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Calcium Supplements May Double Women's Risk of Cardiovascular Disease, Death

Update Date: Feb 13, 2013 02:08 PM EST
Pills, calcium
Calcium supplements are not tied to an increased risk of heart disease for women. (Photo : Flickr/bradleyj)

Everyone knows that they should get calcium in their diet in order to keep their bones strong, but often enough that is hard to do. As a result, many people turn to calcium supplements. That may seem like a decision that makes sense. However, a recent study conducted by researchers in Sweden has found that taking calcium may not be good for your health. In fact, it may double your risk of cardiovascular disease and premature death.

According to Philadelphia Magazine, a previous study on this subject, published in BMJ, was conducted three years ago, indicating a link between calcium supplements and heart attacks. Many scientists found fault in the study's methodology, and doctors say officially that there is no link between calcium supplements and heart attacks.

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However, that stance may be changed with the publication of this more recent study, also in BMJ. The study was conducted by researchers from Uppsala University, tracking over 60,000 women born between the years of 1914 and 1948. All of the women were followed for about 19 years apiece.

The study found that death risk elevated for women who consumed either less than 600 milligrams of calcium or more than 1,400 milligrams of calcium, most often from cardiovascular disease. In fact, the study even found that women whose calcium intake was high and who took supplements had a higher death risk than women whose calcium intake was high from diet exclusively. Women who consumed 1,400 milligrams of calcium daily were up to twice as likely to suffer from cardiovascular disease, Health Day reports.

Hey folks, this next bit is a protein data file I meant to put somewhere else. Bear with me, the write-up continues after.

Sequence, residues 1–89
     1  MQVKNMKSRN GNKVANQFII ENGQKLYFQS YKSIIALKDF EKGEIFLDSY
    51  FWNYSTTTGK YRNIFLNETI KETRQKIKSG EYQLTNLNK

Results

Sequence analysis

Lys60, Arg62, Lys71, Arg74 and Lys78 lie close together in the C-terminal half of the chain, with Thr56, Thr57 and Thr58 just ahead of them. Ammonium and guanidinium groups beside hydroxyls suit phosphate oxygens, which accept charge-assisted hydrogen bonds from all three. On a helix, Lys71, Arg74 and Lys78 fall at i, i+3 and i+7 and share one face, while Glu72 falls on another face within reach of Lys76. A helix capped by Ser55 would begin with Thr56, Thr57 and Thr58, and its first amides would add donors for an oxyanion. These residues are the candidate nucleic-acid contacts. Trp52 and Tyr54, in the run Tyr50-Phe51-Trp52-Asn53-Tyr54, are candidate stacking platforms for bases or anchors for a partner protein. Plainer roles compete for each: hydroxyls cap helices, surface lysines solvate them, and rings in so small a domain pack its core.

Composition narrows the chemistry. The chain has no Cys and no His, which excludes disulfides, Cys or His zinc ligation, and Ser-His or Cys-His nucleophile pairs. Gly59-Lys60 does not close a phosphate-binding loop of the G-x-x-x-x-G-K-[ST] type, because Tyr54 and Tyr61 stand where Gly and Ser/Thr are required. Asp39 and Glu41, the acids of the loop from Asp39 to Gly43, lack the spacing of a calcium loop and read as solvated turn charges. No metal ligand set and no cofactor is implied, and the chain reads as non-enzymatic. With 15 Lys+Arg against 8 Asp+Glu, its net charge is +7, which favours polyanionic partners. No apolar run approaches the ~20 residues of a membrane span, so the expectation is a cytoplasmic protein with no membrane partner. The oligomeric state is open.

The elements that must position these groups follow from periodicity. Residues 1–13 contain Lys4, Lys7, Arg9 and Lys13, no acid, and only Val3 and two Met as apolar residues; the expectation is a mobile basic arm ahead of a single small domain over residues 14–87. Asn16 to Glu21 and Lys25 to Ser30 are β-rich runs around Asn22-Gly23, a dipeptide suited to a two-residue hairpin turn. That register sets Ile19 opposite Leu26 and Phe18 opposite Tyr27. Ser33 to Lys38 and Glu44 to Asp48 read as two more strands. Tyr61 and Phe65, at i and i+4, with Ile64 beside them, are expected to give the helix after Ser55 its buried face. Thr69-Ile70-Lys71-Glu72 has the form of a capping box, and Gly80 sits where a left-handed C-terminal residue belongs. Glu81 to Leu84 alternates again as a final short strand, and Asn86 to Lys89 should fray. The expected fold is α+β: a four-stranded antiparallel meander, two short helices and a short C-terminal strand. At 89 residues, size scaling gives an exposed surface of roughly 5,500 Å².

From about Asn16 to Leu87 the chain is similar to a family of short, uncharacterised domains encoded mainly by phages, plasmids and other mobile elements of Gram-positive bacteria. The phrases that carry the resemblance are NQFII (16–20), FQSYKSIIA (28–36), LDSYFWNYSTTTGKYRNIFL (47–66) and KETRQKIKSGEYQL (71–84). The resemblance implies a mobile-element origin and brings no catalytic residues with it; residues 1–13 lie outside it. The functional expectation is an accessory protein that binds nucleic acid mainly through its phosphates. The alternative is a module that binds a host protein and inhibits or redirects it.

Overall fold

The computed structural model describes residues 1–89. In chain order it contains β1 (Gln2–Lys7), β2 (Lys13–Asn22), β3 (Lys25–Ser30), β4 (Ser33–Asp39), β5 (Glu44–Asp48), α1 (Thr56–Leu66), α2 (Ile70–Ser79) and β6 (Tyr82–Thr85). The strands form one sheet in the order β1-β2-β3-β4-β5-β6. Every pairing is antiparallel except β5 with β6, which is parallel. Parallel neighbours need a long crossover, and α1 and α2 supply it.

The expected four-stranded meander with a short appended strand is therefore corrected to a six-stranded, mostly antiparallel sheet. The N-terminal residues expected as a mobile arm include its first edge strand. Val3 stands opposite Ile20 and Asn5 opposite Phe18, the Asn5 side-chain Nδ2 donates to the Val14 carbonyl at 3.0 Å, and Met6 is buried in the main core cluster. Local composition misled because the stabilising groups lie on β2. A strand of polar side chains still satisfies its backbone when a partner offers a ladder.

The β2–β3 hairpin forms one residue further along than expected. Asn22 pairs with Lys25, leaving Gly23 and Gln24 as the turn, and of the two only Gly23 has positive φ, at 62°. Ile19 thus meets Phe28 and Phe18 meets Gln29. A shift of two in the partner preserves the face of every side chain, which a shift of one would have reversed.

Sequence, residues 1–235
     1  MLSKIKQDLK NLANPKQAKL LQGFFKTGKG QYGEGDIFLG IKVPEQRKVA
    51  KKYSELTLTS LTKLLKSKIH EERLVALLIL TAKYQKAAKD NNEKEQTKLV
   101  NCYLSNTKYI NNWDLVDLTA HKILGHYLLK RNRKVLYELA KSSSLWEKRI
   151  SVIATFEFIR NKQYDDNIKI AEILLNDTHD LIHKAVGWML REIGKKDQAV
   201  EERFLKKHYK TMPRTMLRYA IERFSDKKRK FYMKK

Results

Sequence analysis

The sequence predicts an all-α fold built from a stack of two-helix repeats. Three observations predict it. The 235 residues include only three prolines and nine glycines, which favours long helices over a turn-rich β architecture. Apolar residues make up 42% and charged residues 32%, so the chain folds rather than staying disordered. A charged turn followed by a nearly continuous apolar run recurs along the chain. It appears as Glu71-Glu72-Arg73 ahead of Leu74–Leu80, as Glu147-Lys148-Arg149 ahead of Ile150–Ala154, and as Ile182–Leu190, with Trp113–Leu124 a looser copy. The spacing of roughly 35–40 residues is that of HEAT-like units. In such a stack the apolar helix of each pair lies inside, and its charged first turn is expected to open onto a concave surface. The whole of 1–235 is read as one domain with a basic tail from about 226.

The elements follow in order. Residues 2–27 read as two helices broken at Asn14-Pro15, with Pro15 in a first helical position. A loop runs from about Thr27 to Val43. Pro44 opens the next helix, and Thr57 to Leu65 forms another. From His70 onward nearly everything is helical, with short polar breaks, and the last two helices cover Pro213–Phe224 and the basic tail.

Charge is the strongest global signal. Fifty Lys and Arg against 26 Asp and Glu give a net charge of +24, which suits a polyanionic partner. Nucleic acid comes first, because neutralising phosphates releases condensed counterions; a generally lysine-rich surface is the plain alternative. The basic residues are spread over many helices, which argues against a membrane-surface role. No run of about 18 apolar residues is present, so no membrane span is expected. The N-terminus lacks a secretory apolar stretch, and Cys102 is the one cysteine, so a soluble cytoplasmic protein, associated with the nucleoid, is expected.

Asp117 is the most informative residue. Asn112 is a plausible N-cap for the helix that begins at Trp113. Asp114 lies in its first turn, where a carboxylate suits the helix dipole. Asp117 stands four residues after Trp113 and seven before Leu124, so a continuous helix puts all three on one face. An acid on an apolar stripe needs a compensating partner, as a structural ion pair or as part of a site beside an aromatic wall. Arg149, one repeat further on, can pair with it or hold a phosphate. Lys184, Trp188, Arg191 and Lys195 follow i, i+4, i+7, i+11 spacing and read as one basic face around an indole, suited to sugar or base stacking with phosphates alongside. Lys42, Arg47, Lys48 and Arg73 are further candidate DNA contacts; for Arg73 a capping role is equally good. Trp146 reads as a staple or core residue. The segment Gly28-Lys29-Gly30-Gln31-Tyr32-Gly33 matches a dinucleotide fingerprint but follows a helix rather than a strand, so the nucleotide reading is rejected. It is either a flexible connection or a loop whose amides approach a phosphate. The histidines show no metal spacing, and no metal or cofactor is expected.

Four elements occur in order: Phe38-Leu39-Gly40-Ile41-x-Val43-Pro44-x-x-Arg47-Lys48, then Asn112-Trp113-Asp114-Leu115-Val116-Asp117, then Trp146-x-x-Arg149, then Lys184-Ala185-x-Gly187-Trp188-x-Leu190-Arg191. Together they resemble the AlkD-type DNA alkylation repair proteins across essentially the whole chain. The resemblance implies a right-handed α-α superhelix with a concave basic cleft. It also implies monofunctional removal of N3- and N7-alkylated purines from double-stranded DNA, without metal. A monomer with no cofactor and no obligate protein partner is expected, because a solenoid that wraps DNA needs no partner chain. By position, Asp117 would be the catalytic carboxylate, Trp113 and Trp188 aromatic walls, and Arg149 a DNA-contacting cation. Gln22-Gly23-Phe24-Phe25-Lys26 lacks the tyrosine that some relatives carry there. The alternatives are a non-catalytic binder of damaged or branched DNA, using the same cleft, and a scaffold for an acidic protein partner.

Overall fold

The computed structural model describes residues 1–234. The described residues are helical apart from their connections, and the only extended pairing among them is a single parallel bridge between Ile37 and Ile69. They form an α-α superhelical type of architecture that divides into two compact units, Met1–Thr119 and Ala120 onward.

Everyday Health reports that, just last week, a study published in the Journal of the American Medical Association found that men who take calcium supplements are 20 percent more likely to suffer from cardiovascular disease than men who do not. However, that study did not find an increased risk for women.

This finding about supplements is particularly bad news, considering that 60 percent of American women who are middle-aged or older take calcium supplements. Americans also eat an average of one and a half dairy servings per day instead of the recommended three.

Currently, it is suggested that every man and women receive about 1,200 milligrams of calcium a day, but health officials note that the tolerated upper limit is 2,000 milligrams.

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